|Posted on May 5, 2014 at 7:00 PM|
The Pathway to Sustainable Development Series: An Introduction
Having just completed an immensely interesting online course in "Sustainable Development" with the "Earth Institute", Columbia University, New York, it became imperative for me to attempt to apply and share my newly acquired knowledge with Egyptians who are eager to look into the future rather than focus on the negativities and events of the tumultous past 3 years (2011-2014). Many political pundits and TV commentators have already analyzed and attempted to decipher the political events that have taken place in Egypt since 2011, turning every stone, nook and cranny. I am done with looking to the past for answers. History cannot be altered. But it can be perceived differently depending on the author's vantage point and political disposition.
Therefore, it seemed more fruitful and indeed rewarding to migrate to a less contentious aspect of Egypt's future, i.e economic growth and sustainable development. Applying the concepts of sustainable development for a growing population of 92 million Egyptians would actually help realize the famous slogan of the January 25th Revolution, namely, "Bread, freedom, and social justice". How? Well, the answer may lie within the four basic tenets of sustainable development:
1) Economic growth,
2) Social inclusion,
3) Environmental sustainability, and,
4) Good governance (public and private sectors).
So why should we care about sustainable development and why shouldn't the upcoming government in Egypt just continue doing "business as usual"? This series of posts will hopefully attempt to explain why the "business as usual" trajectory has failed in Egypt and how it indeed may have even ignited the January 2011 Revolution and spilled over into the June 30th Revolution as well. Make no mistake about it, sustainable development is a challenging and complex concept in today's day and age. But, having said that, sustainable development does work if it is applied and implemented with a holistic perspective, rather than as a piecemeal endeavour used by governments the world over.
The January 25th revolution was an example of a revolution that errupted due to several factors, some of which I believe were: lack of accountability, high income inequality, poor education standards, as well as inadequate health facilities and services. Sustainable development, when applied holistically, attempts to ensure that the entire society, men and women, have equal opportunities, health facilities, education, adequate nutrition, smarter cities and powergrids, i.e. a decreased reliance on carbon emitting fossil fuels such as coal, oil and gas, and more reliance on cleaner sources of energy such as solar, wind and nuclear energy. So what are the pathways to sustainable development and why should Egypt take that route? Let's turn to a brief analysis now.
Pathways to sustainable development:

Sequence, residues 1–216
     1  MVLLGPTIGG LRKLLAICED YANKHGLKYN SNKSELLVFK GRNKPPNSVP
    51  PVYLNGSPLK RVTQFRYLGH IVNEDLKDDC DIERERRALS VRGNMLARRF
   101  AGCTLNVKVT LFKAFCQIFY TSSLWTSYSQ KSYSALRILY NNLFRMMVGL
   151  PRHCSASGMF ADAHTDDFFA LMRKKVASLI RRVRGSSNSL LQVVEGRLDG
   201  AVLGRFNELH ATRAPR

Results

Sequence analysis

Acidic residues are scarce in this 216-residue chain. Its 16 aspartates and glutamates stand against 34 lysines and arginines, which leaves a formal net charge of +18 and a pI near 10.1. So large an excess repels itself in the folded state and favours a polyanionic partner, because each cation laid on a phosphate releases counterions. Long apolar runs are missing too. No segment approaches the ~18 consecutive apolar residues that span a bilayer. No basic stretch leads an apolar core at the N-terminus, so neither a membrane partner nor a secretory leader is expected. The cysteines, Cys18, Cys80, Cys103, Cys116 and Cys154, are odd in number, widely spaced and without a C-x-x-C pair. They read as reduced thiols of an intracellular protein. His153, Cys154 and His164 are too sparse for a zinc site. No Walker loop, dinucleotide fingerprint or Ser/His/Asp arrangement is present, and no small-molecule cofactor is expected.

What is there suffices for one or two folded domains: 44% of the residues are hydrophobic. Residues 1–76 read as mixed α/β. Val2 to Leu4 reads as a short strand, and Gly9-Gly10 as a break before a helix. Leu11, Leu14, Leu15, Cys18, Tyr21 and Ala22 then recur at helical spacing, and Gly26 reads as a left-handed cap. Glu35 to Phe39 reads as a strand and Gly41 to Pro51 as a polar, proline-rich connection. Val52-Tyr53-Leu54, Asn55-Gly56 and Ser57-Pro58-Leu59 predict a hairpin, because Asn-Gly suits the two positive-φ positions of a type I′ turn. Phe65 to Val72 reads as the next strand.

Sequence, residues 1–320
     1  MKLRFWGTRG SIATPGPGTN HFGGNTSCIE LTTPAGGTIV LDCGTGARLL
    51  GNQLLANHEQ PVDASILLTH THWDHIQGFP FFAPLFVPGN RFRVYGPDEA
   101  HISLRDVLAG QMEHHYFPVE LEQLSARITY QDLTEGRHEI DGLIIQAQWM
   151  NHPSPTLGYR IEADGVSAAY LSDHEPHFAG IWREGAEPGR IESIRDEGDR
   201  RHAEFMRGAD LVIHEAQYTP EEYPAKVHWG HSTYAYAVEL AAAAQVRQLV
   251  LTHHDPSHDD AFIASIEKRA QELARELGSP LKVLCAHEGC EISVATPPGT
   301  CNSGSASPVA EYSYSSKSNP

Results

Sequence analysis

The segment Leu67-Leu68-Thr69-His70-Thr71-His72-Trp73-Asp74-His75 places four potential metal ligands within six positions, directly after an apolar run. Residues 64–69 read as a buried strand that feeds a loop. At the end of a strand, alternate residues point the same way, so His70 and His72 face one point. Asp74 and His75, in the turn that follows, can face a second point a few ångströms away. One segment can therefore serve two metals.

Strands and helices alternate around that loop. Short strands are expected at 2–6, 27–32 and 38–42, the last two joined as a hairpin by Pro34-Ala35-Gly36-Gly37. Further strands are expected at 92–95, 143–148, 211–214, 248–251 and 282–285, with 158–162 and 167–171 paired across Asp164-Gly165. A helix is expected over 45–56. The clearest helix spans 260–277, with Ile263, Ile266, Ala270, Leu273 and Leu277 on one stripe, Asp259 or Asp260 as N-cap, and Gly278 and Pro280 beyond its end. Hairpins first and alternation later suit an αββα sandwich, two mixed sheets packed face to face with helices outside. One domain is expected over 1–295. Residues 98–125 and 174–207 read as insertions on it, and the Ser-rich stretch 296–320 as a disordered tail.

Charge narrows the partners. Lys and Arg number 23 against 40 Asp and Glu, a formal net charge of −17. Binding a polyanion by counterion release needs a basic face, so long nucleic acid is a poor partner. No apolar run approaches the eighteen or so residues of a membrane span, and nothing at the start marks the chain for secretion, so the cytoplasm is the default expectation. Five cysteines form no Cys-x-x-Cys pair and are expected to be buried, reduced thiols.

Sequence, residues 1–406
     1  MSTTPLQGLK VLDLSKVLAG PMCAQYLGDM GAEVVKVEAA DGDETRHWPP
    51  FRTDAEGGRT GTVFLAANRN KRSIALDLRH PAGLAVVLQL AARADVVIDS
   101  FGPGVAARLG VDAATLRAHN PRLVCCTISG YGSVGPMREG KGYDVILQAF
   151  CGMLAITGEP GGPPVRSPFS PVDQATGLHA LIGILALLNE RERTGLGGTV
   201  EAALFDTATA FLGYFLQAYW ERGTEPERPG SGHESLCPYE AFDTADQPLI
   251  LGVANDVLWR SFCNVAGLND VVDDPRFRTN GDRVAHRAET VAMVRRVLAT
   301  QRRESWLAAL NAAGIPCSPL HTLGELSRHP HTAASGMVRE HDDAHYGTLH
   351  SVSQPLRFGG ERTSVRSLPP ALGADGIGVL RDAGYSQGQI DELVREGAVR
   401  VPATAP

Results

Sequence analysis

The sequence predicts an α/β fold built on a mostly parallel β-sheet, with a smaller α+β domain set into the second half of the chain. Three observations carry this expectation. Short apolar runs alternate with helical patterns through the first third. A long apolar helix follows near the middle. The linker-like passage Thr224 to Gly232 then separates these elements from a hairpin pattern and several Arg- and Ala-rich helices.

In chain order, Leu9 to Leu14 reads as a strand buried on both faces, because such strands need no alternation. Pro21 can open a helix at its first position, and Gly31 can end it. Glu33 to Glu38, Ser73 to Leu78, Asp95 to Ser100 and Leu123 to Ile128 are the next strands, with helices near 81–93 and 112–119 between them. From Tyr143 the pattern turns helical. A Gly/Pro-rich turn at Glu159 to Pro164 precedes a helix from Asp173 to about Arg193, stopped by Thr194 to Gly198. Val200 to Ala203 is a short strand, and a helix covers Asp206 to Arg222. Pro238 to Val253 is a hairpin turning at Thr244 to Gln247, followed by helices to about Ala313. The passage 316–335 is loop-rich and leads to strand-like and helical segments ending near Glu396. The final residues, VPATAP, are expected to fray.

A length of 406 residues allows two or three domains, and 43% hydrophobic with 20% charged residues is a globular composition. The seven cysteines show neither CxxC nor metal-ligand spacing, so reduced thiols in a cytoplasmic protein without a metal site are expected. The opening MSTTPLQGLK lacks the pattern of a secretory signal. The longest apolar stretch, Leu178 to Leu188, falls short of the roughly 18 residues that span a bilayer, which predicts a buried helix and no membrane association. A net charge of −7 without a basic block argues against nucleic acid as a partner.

The first part of sustainable development (henceforth SD) is to understand the inter-linkages of economy, society, enviornment and politics. The second part of SD is to actually do something about the dangers we face. Why should Egypt move forcefully onto the trajectory of SD rather than continue on the "business as usual" path? What would happen if we continued as we are today? Well, science and technology will continue to advance, and Egypt will also continue its race to close the gap with leading countries, such as the USA and UK (the latter being the home of the Industrial Revolution itself). Hence, it's time to seriously use clinical economics and apply the fundamentals of "differential diagnosis" in order to to discover and propose solutions for the case of Egypt. Egypt needs to bridge the gap between its rich and poor (decrease the GINI coefficient), to decrease carbon emissions by relying on renewable energy sources instead of fossil fuels, to decrease its fertility rate, and to design smarter and more resilient cities. That's putting it in a simplified nutshell.
In short, the path to sustainable development is feasible and necessary for Egypt. Egypt needs to get out of the "education trap" (to be discussed later at length), and indeed to get out of the "poverty trap" by enforcing social inclusion for broadbased prosperity and for the elimination of discrimination, for equal protection under the Law, and more importantly, for encouraging social mobility in its ever growing population.
My upcoming posts will delve deeper into different aspects of SD which Egypt needs to focus on in the short-term in order to fulfill the famous mantra of January 25th and the pressing need for economic development that is more than merely a higher GDP per capita, but rather the government must strive for a much higher Human Development Index rank which adds education and health to economic growth, all under the umbrella of good governance by both the public and private sectors.
The future government of Egypt bears the onus to fulfill the aspirations of its people. This series of posts will attempt to present some solutions to this very pressing situation. I will attempt to cover SD from the following aspects: Education, Socia Inclusion, Resilient Cities, Food Security, escaping the "Poverty Trap", via the application of clinical economics i.e. a "differential diagnosis" to the case of Egypt.
I hope this introduction was of benefit to you and that you have taken interest in this rich and challenging topic! Stay tuned for future posts on "The Pathway to Sustainable Development" series.
Categories: That Pathway to Sustainable Development